That Dared Not Show Its Face
I will never cease to be amazed at my bluntness.
Ever since I started studying the gay subtext in
literature and the movies, I couldn't help but shake my head every time
I discovered yet another book or film where the subtext has been eliminated
or simply ignored. With every book I read on the subject I felt as
if someone had switched on the lights and I'm seeing clearly now at last.
All too clearly even...
Too be honest, I am mad. Yes, I am. I'm mad at the
fact that I had to grow up in a world where such obvious gay references
in movies had to be kept mum about. I am angry that I'm now sitting here,
aged 22, and staring at the TV screen, not believing that it had never
even occurred to
me before, that 'Cabaret' was indeed about a gay man. And it's not even
hidden! If I had watched to movie, I would have noticed it. But I didn't,
because it just never caught my attention before.
What times are these where we cannot talk openly about
such things? Times have changed, of course. Never have been gay people
so liberated. But what makes me angry is that it's still treated as if
it was something special. Shouldn't kids at school read about this subject,
just as they read about racial conflicts and the like? Shouldn't they
learn to accept and tolerate gays? Shouldn't they grow up knowing that
In a way, I agree with Harvey Fierstein here. Better
a negative representation than none at all. But I only partially agree.
Hollywood and the movies have become a very powerful tool to form people's
opinions and ideas. Whole generations of queers had to grow up with the
notion that homosexuality really is queer,
twisted, weird and sick, and that it inevitably will end up in tears,
anguish and death. Thank God, I grew up in a time when it was no longer
demonized. But it was invisibilitized. Now, which is worse? I can't
I wonder, if I had grown up with the notion: there
are gays out there, this is how we
see them. Would I have then developed a consciousness of it sooner? Then
I would have had the chance to form my opinion and know for myself: they're
here and it's not
wrong, for crying out loud. Just as I saw depictions of hatred and racism
which I loathed and condemned, I would have been able to see them, see
us, as a group that
actually does exist.
But I didn't. I don't think I had any notion of homosexuality
until I was 12 or so. For a very short time, I thought it was a turn off.
Then I realized that I liked girls myself. I suppressed it, of course,
not knowing what I was dealing with. I made mistakes on my way of trying
to adjust. I was unhappy. I struggled out of this horrible time myself.
If there had been more films that visualize this, it all would have been
a lot easier, I'm sure.
Thing is, those films existed. They were all there,
all the time. I just didn't see them. And why? Because people kept mum
about it. You don't talk about such films. Sure, they're there and those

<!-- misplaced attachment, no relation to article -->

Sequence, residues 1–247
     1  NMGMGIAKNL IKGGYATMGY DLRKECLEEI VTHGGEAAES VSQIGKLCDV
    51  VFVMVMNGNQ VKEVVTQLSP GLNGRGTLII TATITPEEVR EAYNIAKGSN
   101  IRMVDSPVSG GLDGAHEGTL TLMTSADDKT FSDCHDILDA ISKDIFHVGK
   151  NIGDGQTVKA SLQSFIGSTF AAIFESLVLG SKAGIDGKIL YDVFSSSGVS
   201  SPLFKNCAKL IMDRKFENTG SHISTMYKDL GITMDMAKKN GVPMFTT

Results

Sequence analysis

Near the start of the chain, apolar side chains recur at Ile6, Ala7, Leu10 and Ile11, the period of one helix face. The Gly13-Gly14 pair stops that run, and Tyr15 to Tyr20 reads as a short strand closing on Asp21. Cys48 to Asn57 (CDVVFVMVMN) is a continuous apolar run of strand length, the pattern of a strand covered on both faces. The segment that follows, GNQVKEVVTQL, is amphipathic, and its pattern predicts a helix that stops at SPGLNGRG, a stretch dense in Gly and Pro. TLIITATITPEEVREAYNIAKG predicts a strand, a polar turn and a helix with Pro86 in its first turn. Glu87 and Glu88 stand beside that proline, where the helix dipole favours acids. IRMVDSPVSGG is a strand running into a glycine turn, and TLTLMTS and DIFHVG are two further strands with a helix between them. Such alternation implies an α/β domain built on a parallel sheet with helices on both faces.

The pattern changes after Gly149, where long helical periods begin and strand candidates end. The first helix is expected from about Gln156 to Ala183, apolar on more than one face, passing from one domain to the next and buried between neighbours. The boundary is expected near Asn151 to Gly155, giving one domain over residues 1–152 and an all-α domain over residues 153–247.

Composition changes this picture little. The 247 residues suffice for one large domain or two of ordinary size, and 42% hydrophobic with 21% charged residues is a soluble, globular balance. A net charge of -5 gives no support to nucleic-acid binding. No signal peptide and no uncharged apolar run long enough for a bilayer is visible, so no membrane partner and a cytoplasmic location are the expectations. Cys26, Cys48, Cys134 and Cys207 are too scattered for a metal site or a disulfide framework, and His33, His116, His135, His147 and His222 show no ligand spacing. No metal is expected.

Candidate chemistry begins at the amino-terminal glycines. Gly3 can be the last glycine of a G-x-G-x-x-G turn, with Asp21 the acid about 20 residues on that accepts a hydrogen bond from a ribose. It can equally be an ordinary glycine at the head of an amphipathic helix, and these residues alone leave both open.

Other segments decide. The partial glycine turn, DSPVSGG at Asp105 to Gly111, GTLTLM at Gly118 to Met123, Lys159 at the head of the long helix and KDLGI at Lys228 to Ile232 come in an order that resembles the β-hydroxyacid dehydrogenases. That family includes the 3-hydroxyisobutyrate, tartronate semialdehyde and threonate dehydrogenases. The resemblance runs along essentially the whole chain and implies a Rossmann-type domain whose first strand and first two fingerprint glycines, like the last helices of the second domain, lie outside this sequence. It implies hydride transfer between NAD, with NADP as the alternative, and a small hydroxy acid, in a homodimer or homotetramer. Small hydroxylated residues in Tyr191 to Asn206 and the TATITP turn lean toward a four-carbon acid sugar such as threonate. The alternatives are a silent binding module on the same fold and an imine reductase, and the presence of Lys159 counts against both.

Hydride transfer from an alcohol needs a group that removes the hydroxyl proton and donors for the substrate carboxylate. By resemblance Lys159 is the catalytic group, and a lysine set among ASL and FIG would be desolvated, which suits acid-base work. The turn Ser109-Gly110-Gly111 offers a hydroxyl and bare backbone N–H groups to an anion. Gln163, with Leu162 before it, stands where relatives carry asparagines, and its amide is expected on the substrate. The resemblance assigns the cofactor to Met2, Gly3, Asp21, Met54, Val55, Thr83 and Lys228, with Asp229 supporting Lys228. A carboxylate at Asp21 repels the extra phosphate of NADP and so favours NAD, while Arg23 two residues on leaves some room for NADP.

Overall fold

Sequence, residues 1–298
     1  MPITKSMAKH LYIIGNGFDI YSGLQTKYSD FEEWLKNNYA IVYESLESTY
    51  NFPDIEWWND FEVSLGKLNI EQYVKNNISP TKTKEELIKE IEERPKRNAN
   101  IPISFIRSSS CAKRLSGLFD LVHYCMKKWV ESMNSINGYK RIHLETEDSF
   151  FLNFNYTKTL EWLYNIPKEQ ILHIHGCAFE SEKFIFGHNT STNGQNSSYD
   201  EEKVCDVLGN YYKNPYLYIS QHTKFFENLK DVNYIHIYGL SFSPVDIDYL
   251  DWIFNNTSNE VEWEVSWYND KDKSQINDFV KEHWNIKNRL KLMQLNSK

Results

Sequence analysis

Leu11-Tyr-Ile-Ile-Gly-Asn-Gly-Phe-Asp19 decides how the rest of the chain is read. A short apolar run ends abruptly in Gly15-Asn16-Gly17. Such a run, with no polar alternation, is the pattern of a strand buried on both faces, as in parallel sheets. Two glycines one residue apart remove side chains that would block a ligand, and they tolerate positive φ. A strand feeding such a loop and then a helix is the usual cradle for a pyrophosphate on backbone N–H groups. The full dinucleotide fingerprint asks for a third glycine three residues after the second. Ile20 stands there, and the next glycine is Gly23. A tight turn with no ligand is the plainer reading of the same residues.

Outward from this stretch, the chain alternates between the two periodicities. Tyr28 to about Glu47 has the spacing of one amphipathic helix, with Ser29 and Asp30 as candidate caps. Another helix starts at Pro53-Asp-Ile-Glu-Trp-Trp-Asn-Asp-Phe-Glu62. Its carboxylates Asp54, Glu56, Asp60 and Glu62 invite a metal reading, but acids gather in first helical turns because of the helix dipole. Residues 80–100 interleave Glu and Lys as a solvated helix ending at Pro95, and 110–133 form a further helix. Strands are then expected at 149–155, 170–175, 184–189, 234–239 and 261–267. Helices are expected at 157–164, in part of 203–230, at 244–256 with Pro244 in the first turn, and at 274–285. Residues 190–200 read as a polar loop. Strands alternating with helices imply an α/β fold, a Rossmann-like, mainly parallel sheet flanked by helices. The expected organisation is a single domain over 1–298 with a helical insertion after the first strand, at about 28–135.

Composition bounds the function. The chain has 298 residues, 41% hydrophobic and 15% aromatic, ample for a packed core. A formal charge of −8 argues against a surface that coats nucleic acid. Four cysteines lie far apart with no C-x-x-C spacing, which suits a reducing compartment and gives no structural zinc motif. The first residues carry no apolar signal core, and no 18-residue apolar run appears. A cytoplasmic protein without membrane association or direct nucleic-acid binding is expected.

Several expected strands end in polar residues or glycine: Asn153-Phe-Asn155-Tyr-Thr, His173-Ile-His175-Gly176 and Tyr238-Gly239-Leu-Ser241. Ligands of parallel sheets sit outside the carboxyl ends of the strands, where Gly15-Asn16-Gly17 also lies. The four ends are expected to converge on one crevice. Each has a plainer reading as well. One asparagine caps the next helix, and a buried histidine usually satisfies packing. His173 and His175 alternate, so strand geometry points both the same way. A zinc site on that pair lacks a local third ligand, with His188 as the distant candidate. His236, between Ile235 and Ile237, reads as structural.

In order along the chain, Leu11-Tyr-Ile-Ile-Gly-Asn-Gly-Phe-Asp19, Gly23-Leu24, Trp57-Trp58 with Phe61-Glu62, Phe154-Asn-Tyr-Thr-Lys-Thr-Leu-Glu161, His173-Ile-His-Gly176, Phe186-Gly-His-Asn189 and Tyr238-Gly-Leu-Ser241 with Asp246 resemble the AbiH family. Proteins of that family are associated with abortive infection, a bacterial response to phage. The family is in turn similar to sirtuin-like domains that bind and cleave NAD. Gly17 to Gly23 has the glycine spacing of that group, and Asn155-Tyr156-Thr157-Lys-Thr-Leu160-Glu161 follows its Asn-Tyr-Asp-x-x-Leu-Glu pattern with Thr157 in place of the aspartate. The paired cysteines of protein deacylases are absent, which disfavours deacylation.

who are interested in it and want to know more about it are free to do
so. Fine. But please don't make us acknowledge this openly, okay?
Well, thanks a bunch! If I think of all those years
I was mocked and bullied by other people because I saw a gay subtext that
nobody else did. I was told, "You queers always want to make everybody
else queer! This is disgusting! Don't pull us all into your sordid affairs,
okay?" Thing is, those things were there!
It wasn't my sick sad mind that made it all up, no, it was they
who were too stupid to see it themselves. It's not said explictly, thus
it's not there, right? Any questions?
Actually, yes! Why do those people turn a blind eye
on gay references in movies? Hints that were intentionally placed there
as it had been stated by the directors, screenwriters, actors etc. many,
many times? Why do they so desperately cling to the fact that it's not
explicit, thus nonexisting? Isn't that really stupid and intolerant?
You tell me...
Now, to close my speech *g*, let me point out a few
movies I always have had "under suspicion", been laughed at for my assumptions,
and now finally found the proof!
don't tell me you never noticed the special kind of friendship
between Judah (Charlton Heston) and Messala (Stephen Boyd). They grew
up together, then parted and when reunited suddenly find each other
on different sides. Judah is still a jew, now a distinguished member
of society, but Messala has risen to fame in the Roman Empire. They
quarrel over politics and become fierce enemies.
the villian without motivation. Supposedly. But no, see it this way:
they were lovers when they were young. Messala returns, full of hope
and ardor and still desperately in love with Judah. But he has to realize
they no longer share a life. Both have changed, up to a point when it
is impossible for them to get together again. And then Judah even rejects
him. This hurts. That's how he grew to hate the one he could
sense. And I didn't make that all up. Gore Vidal, one of the screenwriters
of Ben Hur, said that it was just intended this way. It was all laid
out. But then they said "We'll never get Heston to do that!" So they
only let Stephen Boyd in and he pulled it all off, and Heston played
along, absolutely clueless. It's brilliant! Just look at the scene when
Messala returns and they drink together and practice with their spears
again (not what you think!). Handsome Messala, madly in love, eyes sparkling,
touching Judah carefully, and longingly and Heston goes all "Well, old
friend! haha!" ^_^
If you are not yet convinced, let me draw
your attention to the following conversation bits: